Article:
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I wanted to build a single PC to fit all my needs, but since hardware virtualization support (Vt-d specifically) is a huge problem, I decided to build multiple single-use oriented computers. In this scenario I want these computers to be as minimal as possible.

So the core of my question is: "Are there significant performance difference between chipsets?"

I'm considering Sandy-Bridge i7 or i5 for my "game console" computer. And since I will use only one graphic card, one or two HDD, 4-8GB RAM and nothing else, I would be fine with a micro-ATX board with a Q67 (or some other low-end chipset).

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They are asking about performance characteristics of chipsets, not what motherboard to buy. One could assume the newer the same class chipset, the better the performance. –  Moab Jun 7 '11 at 13:20

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+50

Not entirely - I'm not familiar with AMD, but the big difference between chipsets within a generation for intel is really the supported hardware and features. With the SB chipsets, the Z P and H designations determined if various combination of onboard video support and caching were supported - the Q series was a P series (no onboard video IIRC) with Vpro. Likewise for the IB family, the chipsets with "77" in their names support rapid storage and the 75 series dosen't.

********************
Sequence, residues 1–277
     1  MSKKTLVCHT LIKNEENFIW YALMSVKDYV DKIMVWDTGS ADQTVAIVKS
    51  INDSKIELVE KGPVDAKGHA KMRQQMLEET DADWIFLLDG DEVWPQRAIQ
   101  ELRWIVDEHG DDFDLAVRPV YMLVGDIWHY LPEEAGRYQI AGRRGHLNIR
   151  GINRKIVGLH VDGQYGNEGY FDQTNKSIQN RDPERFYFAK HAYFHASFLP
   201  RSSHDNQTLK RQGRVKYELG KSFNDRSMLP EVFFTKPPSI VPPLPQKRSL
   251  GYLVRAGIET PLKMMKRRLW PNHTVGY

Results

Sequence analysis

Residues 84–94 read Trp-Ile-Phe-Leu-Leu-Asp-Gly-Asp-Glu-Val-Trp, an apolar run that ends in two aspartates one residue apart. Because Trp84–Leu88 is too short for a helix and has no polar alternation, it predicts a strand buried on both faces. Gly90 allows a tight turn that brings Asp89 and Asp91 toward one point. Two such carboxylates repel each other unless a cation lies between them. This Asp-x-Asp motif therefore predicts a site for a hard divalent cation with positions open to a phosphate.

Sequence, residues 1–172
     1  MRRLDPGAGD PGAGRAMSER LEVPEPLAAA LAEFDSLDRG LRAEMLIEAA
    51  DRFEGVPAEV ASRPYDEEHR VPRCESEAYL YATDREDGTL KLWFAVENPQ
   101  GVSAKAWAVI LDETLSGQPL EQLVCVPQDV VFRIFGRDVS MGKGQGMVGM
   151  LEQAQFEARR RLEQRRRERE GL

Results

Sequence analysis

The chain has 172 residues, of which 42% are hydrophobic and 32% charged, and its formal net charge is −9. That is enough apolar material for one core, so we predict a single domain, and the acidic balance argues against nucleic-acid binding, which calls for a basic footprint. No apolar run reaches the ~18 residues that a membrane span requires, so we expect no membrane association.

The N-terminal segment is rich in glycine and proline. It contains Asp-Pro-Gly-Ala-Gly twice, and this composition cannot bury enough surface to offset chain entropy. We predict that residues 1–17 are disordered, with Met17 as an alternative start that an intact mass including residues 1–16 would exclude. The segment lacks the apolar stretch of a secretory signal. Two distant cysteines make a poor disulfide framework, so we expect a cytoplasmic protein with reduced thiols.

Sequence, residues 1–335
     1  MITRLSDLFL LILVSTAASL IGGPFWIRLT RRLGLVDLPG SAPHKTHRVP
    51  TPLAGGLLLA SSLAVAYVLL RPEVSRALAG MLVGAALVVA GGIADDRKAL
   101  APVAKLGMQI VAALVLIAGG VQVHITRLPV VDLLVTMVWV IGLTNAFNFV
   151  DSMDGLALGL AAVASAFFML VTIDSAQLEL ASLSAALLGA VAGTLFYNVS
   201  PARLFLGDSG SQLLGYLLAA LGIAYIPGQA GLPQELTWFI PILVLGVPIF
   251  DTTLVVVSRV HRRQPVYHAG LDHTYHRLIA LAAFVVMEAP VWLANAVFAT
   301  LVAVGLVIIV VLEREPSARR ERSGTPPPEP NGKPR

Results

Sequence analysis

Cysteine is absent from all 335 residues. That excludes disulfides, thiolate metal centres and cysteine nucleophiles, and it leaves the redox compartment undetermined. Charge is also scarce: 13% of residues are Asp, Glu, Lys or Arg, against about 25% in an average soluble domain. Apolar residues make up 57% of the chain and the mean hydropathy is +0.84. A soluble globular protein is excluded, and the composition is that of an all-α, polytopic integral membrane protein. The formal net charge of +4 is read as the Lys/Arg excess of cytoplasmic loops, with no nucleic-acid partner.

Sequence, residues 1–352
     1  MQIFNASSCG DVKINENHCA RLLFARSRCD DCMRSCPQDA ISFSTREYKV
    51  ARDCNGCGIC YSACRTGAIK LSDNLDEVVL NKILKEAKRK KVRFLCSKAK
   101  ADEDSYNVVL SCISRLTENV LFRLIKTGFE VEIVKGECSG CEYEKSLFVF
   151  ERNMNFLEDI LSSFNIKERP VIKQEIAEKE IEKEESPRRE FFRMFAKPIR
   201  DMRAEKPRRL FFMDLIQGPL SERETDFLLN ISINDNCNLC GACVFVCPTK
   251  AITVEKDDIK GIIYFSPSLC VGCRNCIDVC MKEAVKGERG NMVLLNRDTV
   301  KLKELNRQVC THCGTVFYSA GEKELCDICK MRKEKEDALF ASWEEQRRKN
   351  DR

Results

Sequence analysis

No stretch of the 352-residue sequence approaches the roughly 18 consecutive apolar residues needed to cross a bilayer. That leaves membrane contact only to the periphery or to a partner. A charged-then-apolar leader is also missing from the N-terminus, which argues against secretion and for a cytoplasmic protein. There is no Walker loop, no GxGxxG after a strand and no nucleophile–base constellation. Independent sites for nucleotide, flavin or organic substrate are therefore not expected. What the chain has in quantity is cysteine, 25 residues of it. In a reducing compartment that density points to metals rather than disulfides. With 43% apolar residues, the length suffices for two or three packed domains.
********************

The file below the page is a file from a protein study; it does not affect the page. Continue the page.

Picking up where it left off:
Otherwise, practically there should be little difference, with identical storage and PCI chipsets.

Unfortunately, there can be performance differences between the SAME chipset (due to other hardware choices), so be sure to consult benchmarks when making your decision. These may include additional pci controllers, additional disk controllers and so on.

In this case, the H series (so you can use both onboard and additional video cards) would very likely be the best option - they're the cheapest. Also consider the newer Ivy Bridge boards since they have newer/better chipsets, are often backwards compatible with Sandy Bridge chips. If you get an older SB board, research,and get a board with Ivy Bridge compatibility for future upgrade options, since SB boards are forwards compatible.

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